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When the armistice of the First World War was signed on 11 November 1918 Edward O’Rourke lay in the No 2 General Hospital in Maitland, Cape Town, with suspected meningitis. He had embarked SS Zealandic in Melbourne on 5 October, but was admitted to the ship’s hospital on 21 October. The Zealandic docked in Cape Town on 6 November and Edward was transferred to hospital. Private O’Rourke’s condition improved and, on 4 December 1918, he embarked HMAT Marathon for the return trip to Australia.
Edward was born in Lake Tyers, in Gippsland, Victoria on 26 March 1892. By early 1915 “Ted” was employed as a tracker in Orange. He enlisted in Orange on 16 July 1918 and proceeded to military camp for three months’ training prior to embarkation.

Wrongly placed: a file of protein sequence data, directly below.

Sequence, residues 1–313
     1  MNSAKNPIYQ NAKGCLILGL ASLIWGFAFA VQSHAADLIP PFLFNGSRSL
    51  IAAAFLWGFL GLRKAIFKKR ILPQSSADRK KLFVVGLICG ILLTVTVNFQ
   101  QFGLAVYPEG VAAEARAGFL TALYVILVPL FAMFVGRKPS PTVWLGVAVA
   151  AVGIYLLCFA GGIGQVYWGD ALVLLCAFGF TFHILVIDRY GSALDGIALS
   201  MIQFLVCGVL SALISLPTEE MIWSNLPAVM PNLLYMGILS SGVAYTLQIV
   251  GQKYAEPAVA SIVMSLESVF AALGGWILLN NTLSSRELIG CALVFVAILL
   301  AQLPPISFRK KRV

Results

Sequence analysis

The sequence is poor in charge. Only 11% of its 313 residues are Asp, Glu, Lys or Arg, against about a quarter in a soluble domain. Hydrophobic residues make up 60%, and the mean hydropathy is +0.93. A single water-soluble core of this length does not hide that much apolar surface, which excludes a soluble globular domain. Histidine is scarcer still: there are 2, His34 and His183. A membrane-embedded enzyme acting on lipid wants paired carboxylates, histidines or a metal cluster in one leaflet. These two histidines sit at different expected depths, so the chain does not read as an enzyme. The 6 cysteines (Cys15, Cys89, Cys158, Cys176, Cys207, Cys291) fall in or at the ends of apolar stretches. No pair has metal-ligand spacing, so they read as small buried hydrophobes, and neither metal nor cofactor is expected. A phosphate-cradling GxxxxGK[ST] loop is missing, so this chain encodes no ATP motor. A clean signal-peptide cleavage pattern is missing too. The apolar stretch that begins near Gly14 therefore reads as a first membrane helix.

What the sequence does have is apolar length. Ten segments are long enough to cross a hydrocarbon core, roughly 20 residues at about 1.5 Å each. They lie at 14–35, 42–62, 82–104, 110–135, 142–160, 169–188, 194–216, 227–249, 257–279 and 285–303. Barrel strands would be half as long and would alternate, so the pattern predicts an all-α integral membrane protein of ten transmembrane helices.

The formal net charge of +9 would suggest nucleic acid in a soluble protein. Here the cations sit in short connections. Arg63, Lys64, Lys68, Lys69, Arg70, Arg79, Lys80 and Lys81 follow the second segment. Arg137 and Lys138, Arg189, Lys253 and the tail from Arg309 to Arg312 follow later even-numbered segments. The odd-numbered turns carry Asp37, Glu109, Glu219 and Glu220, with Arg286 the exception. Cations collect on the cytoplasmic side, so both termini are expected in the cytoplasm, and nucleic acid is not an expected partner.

Following disembarkation in Sydney in January 1919 Edward underwent a medical examination at the 4th Australian General Hospital in Randwick. The subsequent report stated that the infection had been due to Edward’s military service, and that he was now in good health. Edward was discharged from the AIF on 23 January 1919.
The Salvation Army Band, members of the VAD, Digger Post, returned soldiers, cadets, boy scouts and the general public join the mayor of Orange at the railway station to welcome Army Chaplain Major William McKenzie MC (aka “Fighting Mac”) to Orange. The crowd proceeds to the Town Hall where a civic reception is extended to the visitor. Fighting Mac in Orange
A public meeting at the Orange Town Hall discusses the best way to welcome home the original Anzacs, including perhaps the issue of a commemorative gold medal. Returning Anzacs